Gilgamesh, not at all happy, despairs. And then, as he is almost resigned to return to Uruk empty-handed, Utanapishtim’s wife urges her husband to be a little less selfish. So, Utanapishtim gives in to her pleas and tells Gilgamesh where he can get the plant of eternal youth: at the bottom of the sea! No problem! Gilgamesh is a good diver. So there he is under the water… and finding the precious flower. Alas! his trials are not over. The Gods and Beliefs in Sumer On the way back, he has the unfortunate idea of bathing in a spring. And a serpent – a perfidious beast if ever there was one! – steals the magic plant from him.

Completely dismayed, Gilgamesh realized that it was useless to try to force fate. He returned to Uruk without further delay and, to console himself for his bitter disappointment, immersed himself in the contemplation of the fortified walls of the city. Everyone distracts themselves as best they can. Nevertheless, this legend carries a lesson within it. It enlightens us about the way the Sumerians thought. The Gods and Beliefs in Sumer It shows their profound respect for the high priest-king and the boundless pride they derived from their city. It also evokes the memory of the Flood – which almost all religions mention – and reminds humans that they are all destined to perish.

Finally, it teaches us that, during Gilgamesh’s reign, Uruk was surrounded by protective walls. Following Uruk’s example, other Sumerian cities, such as Ur, Nippur, Lagash, and Kish, were also surrounded by formidable walls. The Gods and Beliefs in Sumer Their armies increased their ranks every year. From then on, the king commanded the military forces permanently, and the title of supreme leader was inheritable by his descendants.

The Sumerian cities may have expanded, and their leaders acquired more and more importance, but the gods continued to be honored as they should be. Ur, for example, twenty-five centuries before our era, was a famous city, possessing a strong army and a well-established dynasty of kings. However, it did not forget its gods. The Gods and Beliefs in Sumer Ur’s most characteristic sacrifices involved immolating several human beings at once, burying them amidst treasures.

Once, around 2,500 years before Christ, the king ordered an even more magnificent ceremony than all the previous ones. It began with the traditional celebration of the “sacred marriage” at the temple. The Gods and Beliefs in Sumer This rite took place every year to ensure the fertility of the fertile land. After being united with great pomp, the sacred couple left the temple and descended to the bottom of a tomb dug several meters below the ground. Many people followed: priests, courtiers, musicians, soldiers, and servants. Most of them carried weapons, jewels, and precious stones. Ox-drawn carts were also part of the procession.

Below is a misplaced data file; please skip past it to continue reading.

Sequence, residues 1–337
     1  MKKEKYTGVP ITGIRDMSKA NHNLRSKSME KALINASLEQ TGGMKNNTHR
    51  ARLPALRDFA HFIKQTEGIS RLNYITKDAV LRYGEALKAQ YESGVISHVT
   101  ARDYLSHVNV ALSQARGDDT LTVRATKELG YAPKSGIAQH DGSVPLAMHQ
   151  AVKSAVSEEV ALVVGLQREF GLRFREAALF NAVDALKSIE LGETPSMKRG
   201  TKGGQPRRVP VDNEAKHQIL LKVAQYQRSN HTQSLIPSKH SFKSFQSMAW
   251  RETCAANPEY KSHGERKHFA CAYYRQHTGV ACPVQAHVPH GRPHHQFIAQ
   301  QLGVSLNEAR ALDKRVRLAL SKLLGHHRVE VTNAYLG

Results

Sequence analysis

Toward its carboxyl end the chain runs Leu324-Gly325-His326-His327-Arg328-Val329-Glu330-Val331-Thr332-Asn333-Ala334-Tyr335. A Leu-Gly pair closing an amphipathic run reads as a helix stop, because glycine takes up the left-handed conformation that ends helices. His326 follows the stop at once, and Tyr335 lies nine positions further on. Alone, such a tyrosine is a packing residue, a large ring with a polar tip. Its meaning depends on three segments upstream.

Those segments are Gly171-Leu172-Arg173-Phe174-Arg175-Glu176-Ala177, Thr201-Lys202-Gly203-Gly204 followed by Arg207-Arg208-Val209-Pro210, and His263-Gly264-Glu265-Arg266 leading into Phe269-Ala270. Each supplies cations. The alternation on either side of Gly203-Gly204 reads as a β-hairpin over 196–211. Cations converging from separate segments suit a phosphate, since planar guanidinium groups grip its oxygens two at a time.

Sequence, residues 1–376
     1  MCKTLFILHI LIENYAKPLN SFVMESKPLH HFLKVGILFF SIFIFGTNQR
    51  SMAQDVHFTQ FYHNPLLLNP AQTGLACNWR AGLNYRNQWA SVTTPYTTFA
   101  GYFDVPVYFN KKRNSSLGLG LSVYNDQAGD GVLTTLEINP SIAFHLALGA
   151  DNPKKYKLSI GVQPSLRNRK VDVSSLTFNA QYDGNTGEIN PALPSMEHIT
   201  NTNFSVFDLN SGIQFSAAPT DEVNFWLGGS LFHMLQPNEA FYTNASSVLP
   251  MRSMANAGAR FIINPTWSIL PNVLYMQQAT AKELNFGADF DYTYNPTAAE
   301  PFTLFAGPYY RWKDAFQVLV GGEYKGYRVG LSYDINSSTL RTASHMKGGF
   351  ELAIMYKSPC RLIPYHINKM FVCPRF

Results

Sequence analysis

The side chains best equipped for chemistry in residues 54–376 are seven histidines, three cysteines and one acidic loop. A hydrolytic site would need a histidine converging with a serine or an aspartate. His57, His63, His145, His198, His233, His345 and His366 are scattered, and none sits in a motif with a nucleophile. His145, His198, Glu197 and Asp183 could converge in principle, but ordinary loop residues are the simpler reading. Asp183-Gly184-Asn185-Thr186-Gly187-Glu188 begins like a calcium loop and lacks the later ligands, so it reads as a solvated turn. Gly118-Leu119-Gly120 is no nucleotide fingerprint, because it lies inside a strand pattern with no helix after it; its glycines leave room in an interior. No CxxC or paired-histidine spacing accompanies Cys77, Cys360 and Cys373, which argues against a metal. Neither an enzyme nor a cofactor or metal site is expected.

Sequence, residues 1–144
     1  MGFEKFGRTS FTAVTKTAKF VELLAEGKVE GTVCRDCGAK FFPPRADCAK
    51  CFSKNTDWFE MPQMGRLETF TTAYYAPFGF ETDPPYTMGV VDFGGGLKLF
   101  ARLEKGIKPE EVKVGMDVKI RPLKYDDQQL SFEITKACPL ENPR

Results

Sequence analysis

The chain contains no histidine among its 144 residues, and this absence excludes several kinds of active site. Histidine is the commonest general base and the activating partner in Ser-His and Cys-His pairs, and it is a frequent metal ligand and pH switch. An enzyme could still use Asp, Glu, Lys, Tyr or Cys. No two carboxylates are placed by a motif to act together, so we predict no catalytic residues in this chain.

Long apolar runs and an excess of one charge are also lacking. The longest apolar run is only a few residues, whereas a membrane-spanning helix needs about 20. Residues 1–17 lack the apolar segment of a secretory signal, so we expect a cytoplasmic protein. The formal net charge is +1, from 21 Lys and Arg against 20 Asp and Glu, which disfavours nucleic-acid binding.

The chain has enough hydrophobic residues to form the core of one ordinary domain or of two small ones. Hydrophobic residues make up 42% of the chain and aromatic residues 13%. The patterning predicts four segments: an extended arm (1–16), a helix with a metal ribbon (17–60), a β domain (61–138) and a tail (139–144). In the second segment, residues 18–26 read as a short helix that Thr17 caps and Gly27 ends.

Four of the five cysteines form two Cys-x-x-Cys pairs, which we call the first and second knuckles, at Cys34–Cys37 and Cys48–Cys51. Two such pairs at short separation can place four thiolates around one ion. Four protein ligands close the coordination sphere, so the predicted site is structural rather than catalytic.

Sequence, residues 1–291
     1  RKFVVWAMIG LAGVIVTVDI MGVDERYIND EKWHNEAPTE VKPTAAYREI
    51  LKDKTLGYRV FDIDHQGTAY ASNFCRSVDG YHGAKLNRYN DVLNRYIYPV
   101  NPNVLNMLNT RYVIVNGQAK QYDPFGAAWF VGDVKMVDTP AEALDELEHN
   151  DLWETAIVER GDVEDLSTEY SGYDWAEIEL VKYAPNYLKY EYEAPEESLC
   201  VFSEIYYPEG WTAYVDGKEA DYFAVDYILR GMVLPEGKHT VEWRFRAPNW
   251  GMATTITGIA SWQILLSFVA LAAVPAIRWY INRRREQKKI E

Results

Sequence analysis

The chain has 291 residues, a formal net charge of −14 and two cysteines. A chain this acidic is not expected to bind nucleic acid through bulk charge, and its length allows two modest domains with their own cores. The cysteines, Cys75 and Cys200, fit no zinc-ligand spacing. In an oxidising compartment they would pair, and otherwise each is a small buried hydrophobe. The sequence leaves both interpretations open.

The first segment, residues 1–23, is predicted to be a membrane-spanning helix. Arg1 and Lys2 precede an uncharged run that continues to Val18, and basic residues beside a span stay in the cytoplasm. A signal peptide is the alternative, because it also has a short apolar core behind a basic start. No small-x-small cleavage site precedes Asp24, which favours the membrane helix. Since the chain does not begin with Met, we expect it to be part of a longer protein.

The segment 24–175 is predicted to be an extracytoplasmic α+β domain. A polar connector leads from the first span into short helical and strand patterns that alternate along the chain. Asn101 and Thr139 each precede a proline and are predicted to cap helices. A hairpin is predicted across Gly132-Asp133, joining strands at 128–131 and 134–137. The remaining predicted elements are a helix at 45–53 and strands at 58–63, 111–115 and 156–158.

The Gods and Beliefs in Sumer Once the victims, priests, and assistants were gathered at the bottom of the immense tomb, the sacrifice proper was performed. The sacred couple was put to death and solemnly buried in a stone burial chamber. The Gods and Beliefs in Sumer Immediately after, twelve people from the entourage drank a poisoned beverage and lay down to await the end. Then it was the bulls’ turn to be slaughtered. The Gods and Beliefs in Sumer Finally, after the treasures were placed near the bodies of the victims, the tomb was filled. The gods could rejoice: such a beautiful burial had never been seen before.

Last word about : History – Gods and Beliefs in Sumer

The exploration of Sumerian beliefs and deities offers a captivating glimpse into the ancient Mesopotamian worldview. The Gods and Beliefs in Sumer reveals a society deeply rooted in religious reverence, where gods and goddesses held sway over every aspect of life. Through their rituals, sacrifices, and mythological narratives, the Sumerians sought to navigate the mysteries of existence and ensure their prosperity and well-being. As we reflect on the enduring legacy of Sumerian spirituality, we recognize the profound impact of faith on human civilization, reminding us of the enduring quest to comprehend the divine and find meaning in the cosmos.